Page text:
Everyone that is, except Tokiwagi's baseball team itself. As they ran in from the field I could not see one ounce of disappointment in their faces. They shouted encouragement to each other, made jokes and cheerfully warmed up for their final chance. Without a doubt, their hearts were breaking and everyone knew it, but they refused to crack. Anyone who happened to be dropping in on the game at that moment could be forgiven for thinking it was the top of the 1st inning, 0-0.
They didn't get any more runs, and lost, officially. They politely saluted the opposition and the officials, came over and bowed to us and thanked us for our support, and THEN, collapsed in a cloud of dirt and tears and bawling and wailing. I hate watching my students whimper and whine after a defeat at the hands of a better opponent. Almost every year I see it happen and I think to myself- "You were ranked 4th, you came in 4th- what's the deal?" But this time I wholeheartedly agreed with their reaction. They were the slighty better team through the course of the entire game and, aside from the pitchers, even as they were helplessly watching the game slowly melt away from them. But they played a great game. It was no longer the greatest game but IT WAS A GREAT GAME! So cry girls- its justified. But hold your heads high as well- and that's justified too.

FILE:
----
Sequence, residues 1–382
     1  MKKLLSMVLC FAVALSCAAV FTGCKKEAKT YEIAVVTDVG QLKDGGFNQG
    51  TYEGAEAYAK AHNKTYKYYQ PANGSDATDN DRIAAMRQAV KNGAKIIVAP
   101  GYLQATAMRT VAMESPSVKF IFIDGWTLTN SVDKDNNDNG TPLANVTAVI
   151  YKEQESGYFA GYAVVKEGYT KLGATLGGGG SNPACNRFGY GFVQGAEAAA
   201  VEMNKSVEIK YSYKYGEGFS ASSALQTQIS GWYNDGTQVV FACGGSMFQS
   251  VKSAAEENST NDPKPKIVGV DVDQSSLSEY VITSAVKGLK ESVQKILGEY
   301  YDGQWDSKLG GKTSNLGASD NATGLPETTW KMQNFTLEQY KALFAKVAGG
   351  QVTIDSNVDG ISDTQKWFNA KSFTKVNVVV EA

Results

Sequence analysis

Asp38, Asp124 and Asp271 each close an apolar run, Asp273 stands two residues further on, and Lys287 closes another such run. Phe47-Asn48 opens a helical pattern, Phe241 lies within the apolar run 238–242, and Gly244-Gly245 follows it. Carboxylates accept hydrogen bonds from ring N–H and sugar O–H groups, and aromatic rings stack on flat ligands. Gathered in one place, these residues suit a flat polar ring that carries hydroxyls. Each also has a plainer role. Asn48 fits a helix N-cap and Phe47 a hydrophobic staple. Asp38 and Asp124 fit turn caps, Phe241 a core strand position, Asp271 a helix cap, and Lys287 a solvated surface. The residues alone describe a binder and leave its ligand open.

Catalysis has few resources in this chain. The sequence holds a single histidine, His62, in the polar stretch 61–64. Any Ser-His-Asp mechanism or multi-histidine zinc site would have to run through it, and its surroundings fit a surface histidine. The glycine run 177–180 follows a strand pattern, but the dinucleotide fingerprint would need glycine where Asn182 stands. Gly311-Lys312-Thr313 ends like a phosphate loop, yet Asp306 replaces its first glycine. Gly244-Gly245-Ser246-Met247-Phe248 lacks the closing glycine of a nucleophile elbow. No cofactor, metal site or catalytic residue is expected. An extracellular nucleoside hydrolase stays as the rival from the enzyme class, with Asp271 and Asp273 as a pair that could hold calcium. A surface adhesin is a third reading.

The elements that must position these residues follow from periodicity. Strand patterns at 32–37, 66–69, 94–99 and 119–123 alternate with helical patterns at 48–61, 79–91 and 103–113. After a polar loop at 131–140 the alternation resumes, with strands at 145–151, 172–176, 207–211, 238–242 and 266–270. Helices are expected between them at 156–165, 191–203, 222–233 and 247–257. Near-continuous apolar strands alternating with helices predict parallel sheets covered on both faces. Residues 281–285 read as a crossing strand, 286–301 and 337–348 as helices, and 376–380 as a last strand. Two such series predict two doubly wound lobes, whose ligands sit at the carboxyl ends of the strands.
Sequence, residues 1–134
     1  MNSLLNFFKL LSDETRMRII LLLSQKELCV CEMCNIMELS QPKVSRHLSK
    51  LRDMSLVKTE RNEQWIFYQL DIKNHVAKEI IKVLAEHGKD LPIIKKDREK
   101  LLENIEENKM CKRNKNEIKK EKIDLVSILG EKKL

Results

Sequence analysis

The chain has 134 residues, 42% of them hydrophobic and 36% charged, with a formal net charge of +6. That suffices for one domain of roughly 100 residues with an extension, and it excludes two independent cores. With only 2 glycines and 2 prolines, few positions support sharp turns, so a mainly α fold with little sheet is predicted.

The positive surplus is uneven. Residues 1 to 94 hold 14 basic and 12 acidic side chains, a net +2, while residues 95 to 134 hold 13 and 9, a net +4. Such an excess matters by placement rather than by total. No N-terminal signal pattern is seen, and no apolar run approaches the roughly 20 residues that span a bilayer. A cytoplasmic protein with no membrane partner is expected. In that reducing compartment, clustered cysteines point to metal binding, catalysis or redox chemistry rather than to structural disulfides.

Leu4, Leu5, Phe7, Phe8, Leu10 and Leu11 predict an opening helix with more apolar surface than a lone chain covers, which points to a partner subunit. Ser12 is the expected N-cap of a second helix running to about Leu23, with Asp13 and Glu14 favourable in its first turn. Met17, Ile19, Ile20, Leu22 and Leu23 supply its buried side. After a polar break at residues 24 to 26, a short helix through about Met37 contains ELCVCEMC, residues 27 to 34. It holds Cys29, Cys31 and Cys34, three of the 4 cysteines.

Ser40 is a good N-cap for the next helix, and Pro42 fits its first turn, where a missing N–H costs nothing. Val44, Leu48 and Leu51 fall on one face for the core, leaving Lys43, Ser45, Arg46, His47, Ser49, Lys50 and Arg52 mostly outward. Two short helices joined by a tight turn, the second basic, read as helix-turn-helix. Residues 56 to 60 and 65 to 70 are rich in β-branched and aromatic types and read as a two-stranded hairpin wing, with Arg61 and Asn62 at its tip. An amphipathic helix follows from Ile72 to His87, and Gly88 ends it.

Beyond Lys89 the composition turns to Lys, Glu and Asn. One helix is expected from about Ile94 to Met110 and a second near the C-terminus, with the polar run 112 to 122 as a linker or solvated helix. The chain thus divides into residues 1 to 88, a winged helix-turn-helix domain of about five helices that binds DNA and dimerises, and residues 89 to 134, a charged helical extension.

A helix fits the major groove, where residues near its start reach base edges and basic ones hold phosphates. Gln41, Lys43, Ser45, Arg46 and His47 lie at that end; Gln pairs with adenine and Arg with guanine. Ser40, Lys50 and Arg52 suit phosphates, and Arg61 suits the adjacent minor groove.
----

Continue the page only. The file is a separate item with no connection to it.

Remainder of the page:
Like I wrote before- they lost the game, officially...  officially.


A 2012 Student Odyssey!

Hi. I'll keep this intro short, as I'm trying to upload a video for the first time and doubt it will succeed, erasing anything I've written beforhand in the process (I type from experience). Anyways, here's (maybe) a video of our sister-school Odysseys' homestay with us last week (I hope).



Hello all. Hope everyone reading in Japan had a thoroughly relaxing Golden Week. Here in Sendai, TGH partook in our annual (except for last year) UnDoKai (sports competition) last Tuesday. It was wedged in between holidays so it gave everyone a lot of time to prepare and recover, but not quite enough time as I'm still recovering. There were a variety of different kinds of racing events- from the intensity of the baton relay and the skillful balancing of the racket relay to the ridiculous silliness of... err... I'm going to call it the Gripping-the-ball-between-your-legs-while-hopping race. Sure, why not.